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Harvard’s undergraduate population is egregiously unrepresentative of the broader American demographic. According to The Crimson’s freshman survey, over a quarter of the Class of 2025 comes from families in the 95th income percentile or higher. Nearly half of students’ parents earn more than twice the national average income. Harvard is a university where privilege is pervasive. However, for those like me, who do not come from such a privileged background, the adjustment to life here can be difficult.
For those less fortunate, privilege lies in smaller things: Not worrying about where their next meal is coming from, not having to work while in high school to support their family, and not fretting about asking their parents for money to partake in the little joys of life.
So whether we like it or not, attending Harvard means stepping into a world of privilege unlike anything we’ve ever encountered — a world that many of us never imagined we would inhabit.
Coming to Harvard is an adjustment for everyone, but those who come from wealth have a leg up: They already know how to navigate the nuances of an Ivy League school. I remember having conversations — or, more honestly, listening to others have conversations — where I was hesitant to talk because I was unsure of what was going on. “Comping” clubs freshman year feels daunting to everyone, but it’s much harder when you’ve never heard of a “comp” before.
Disparities in background become even more pronounced at the pre-professional level. Knowledge about internship programs and their application timelines, and skills like interview preparation and networking — whatever that means — require experience that students from lower socioeconomic backgrounds often lack, necessitating a learn-as-we-go approach. Similarly, students frequently don’t have the money to purchase prep materials for internships and graduate school.
And on top of all that, less privileged students are less equipped to find advisors who could help them ameliorate these disparities. Harvard has a variety of resources to help students prepare for life beyond undergrad, yet these resources are often decentralized and hard to navigate. Simply knowing someone who knows what Harvard is like before you get here can provide significant stress relief, especially during freshman year.
Privilege also takes a social dimension. At the extreme end, wealth disparity can lead to students from less privileged backgrounds feeling the need to keep up with their more affluent friends. Extravagant trips to exotic places can serve as glaring reminders of this disparity.
However, Harvard, through both its academic departments and its student organizations, does a good job making opulent opportunities available to as many students as it can. From club retreats in Cape Cod to subsidized January term or spring break trips, there are many ways one can experience the world on Harvard’s dime. Yet for those of us unaccustomed to such luxuries, these experiences can feel strange. Even small things, like fancy dinners on campus, may be entirely new — we often don’t know how to dress, what to say or which utensil to pick up first, and I still forget sometimes — are all things we have to adapt to.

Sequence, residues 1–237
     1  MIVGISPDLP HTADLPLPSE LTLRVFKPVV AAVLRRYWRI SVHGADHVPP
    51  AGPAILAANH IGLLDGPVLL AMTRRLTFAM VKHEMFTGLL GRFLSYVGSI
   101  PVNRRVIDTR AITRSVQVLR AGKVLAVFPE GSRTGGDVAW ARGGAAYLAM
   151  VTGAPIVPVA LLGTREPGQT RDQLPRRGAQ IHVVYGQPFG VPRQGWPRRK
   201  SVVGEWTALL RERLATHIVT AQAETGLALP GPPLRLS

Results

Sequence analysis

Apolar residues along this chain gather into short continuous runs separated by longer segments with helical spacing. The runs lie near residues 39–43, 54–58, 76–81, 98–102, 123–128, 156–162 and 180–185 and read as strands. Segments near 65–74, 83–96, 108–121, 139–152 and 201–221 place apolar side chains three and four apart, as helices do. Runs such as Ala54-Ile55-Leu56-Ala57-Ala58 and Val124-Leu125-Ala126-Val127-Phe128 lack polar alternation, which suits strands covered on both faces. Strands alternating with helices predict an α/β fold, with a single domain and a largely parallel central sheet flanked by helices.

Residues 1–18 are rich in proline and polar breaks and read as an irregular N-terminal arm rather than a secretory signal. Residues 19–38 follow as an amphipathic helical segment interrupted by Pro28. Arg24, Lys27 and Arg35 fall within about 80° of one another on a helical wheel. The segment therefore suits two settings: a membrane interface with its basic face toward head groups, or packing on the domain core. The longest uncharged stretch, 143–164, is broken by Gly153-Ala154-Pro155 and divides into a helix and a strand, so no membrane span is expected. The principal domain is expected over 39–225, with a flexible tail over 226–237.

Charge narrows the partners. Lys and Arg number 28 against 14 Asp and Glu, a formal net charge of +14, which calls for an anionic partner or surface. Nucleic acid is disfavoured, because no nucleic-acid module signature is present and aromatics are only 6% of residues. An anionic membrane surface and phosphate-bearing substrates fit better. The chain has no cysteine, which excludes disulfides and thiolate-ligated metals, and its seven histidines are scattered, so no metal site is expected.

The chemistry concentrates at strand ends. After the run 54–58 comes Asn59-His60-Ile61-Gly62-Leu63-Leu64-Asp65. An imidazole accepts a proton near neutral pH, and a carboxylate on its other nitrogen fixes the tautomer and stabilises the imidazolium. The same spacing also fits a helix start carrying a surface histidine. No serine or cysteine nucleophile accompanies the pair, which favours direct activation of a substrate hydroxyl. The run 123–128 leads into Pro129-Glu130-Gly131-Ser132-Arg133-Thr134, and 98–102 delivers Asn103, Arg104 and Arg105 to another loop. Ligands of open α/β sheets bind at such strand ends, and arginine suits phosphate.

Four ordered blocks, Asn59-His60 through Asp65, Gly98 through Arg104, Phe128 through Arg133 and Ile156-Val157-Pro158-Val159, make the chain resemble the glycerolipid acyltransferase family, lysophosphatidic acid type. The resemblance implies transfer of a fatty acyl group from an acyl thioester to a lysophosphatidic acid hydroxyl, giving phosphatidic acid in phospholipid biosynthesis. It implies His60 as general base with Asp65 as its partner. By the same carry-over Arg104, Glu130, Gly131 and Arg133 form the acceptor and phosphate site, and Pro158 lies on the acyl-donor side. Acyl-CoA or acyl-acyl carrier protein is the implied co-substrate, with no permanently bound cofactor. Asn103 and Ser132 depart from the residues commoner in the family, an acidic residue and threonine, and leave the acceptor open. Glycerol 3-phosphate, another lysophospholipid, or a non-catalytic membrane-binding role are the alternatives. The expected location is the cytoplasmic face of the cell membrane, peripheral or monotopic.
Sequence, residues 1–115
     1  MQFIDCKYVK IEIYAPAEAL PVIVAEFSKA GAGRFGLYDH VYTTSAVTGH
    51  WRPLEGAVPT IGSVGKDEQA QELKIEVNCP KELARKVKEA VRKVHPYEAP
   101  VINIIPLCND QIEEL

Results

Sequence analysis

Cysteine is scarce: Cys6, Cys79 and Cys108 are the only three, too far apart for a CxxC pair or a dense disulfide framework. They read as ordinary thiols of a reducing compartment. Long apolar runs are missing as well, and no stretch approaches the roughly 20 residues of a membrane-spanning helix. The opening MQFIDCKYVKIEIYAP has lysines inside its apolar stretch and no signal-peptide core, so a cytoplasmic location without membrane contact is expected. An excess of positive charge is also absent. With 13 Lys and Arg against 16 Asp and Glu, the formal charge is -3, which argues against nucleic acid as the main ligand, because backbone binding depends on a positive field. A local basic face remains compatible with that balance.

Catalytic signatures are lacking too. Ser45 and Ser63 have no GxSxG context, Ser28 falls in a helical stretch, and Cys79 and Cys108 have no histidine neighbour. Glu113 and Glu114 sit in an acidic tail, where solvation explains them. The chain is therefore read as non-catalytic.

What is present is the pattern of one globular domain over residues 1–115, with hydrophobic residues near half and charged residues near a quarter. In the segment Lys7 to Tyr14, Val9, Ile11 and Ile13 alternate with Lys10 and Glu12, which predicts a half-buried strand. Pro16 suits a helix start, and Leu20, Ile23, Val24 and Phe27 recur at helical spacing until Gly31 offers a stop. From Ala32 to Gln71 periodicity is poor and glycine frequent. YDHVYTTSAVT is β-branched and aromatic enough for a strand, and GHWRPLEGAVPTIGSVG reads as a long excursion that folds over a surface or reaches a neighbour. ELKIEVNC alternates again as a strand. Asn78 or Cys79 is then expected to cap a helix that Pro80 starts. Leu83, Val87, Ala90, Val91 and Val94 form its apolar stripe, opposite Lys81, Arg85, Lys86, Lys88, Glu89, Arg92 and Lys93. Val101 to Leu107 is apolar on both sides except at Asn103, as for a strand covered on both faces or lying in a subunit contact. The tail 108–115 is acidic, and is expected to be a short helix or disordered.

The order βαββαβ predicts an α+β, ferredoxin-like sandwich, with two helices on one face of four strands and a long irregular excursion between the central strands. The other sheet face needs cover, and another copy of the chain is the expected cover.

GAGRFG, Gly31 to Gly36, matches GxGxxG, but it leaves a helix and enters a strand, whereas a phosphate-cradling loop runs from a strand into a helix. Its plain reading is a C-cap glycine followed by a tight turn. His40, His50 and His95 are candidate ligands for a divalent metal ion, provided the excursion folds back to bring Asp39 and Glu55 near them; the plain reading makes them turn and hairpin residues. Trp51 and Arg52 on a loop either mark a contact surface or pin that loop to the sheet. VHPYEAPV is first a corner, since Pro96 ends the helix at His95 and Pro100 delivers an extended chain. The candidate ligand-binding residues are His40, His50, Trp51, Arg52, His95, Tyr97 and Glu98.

And it almost feels wrong to enjoy the wealth, because we are well aware of the myriad other ways that money could have been spent.
However, there is something, I believe, that people who don’t come from extreme affluence understand better than most: The stakes of being here. Most of us are well aware of the fact that Harvard can measurably change our lives, because we aren’t surrounded by people who have had such luxury. The spot we take up is one we undoubtedly deserve, but also a spot that could have changed someone else’s.
If this sounds like you, remember this: Just because your spot could have changed someone else’s life doesn’t mean that you need to work twice as hard to prove you deserve it. You do not need to take five classes every semester, join every club on campus, and push yourself to the point of exhaustion. Nor should you succumb to the pressure to do the thing that looks the best on a resume instead of what is best for your happiness. I plead you to have an honest conversation with yourself about how you spend your time at Harvard — the earlier the better. There are many things I wish I could have done differently, opportunities I wish I had at least known about my first two years here.
I don’t intend to make you feel guilty. Everyone has their own acclimation timeline, and it is not easy to settle in when you come from a very different world. Harvard was built for the elite and still embodies much of that past today, so those not from wealth have to learn the right mannerisms. But the spot you occupy is rightfully yours, and that you should never feel the need to go about your time here doing what others may expect you to do.
David I. Gonzalez ’25, a Crimson Editorial editor, is a double concentrator in Psychology and Economics in Kirkland House.
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